Demonstrators hold placards as they take part in a protest by junior doctors, amid a dispute with the government over pay, outside of Saint Thomas Hospital, in London, on March 13, 2023InternationalIndiaAfricaOleg BurunovOver the past few months, tens of thousands of British nurses and ambulance service staff have walked off the job as part of their long-running pay dispute with NHS bosses. NHS England National Medical Director Stephen Powis has warned of “unparalleled levels of disruption” due to next week’s junior doctors’ strike demanding higher pay, which is set to last at least four days.In a statement on Sunday, Powis said that the National Health Service is “very concerned about the potential severity of [the strike’s] impact on patients and services across the country.””This time the action immediately follows a four-day bank holiday weekend, which is already difficult as many staff are taking much-needed holiday, and it will be more extensive than ever before with hospitals facing nearly 100 hours without up to half of the NHS medical workforce,” he added.Powis was echoed by Layla McCay, a policy director at the NHS Confederation, who told a UK broadcaster that “in the last junior doctors’ strike we saw about 175,000 appointments and operations having to be postponed.”
"In terms of the disruption that we're anticipating this time, we reckon it could be up to about a quarter of a million, so that is a huge amount of impact for patients up and down the country," McCay pointed out.
She referred to “health leaders across the whole system,” who she said “are more concerned about this than they have been about any other strike.” The NHS Confederation official noted that “they think that the impact is going to be so significant that this one is likely to have impact on patient safety, and that is a huge concern for every healthcare leader.”McCay argued that the disruption could last up to 10 or 11 days, with the strike running between the Easter bank holiday and another weekend. “What we expect to see is really significantly diminished capacity within the health service with these junior doctors being out,” she noted.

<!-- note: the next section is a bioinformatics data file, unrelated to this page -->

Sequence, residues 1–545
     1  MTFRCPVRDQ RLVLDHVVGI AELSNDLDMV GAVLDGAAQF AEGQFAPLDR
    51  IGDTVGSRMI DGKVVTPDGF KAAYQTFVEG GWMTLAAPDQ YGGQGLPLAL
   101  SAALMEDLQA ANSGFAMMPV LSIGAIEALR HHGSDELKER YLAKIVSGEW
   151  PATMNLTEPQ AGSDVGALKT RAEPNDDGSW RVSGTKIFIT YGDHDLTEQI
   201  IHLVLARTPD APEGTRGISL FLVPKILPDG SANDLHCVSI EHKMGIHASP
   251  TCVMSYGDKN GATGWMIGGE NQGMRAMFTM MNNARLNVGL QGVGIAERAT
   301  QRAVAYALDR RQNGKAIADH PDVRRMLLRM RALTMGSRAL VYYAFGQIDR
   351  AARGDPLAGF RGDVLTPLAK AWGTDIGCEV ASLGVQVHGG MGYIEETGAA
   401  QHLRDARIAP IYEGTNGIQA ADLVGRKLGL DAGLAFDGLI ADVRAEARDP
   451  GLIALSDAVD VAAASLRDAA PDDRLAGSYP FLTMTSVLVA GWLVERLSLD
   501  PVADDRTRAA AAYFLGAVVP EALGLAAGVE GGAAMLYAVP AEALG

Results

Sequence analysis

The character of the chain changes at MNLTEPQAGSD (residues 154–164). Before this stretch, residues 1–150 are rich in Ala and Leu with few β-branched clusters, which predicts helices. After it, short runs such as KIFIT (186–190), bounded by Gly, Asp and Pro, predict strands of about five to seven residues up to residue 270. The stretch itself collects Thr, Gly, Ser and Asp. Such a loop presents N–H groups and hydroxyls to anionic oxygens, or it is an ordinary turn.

This comes as the British Medical Association (BMA), the trade union for doctors and medical students in the UK, previously demanded a 35% pay increase. In Thursday’s letter to Health Secretary Steve Barclay, the union made it clear that the strikes could be avoided if the government makes a "credible" pay offer.
Mike Greenhalgh, a deputy chair of the BMA’s junior doctors’ committee, told a UK news network that “it’s hard to negotiate when only one side is doing it, and we’re not getting anything back from the government.”“We’re happy to meet at any time. We would still meet him [Barclay] over the bank holiday weekend before the industrial action next week. And if he was to bring a credible offer to us, it could still, even at this late stage, avert action.”The Department of Health and Social Care, in turn, insisted that the BMA should call off the strike for any negotiations to take place.WorldUK Cancels Thousands of Hospital Appointments Due to Junior Doctors’ Strike, British Media Reports13 March, 18:09 GMTFor many months, the NHS has suffered from a severe shortage of healthcare workers, with more people leaving the profession amid excessive workloads, rising prices and a lack of opportunities to upgrade their skills.Tens of thousands of UK ambulance workers have repeatedly staged protests, demanding higher wages amid surging inflation in the country. The British government has formally asked for help from the military to keep medical facilities running during the strikes. Other health care workers, including nurses, physical rehabilitation specialists, paramedics and their assistants also joined the strikes.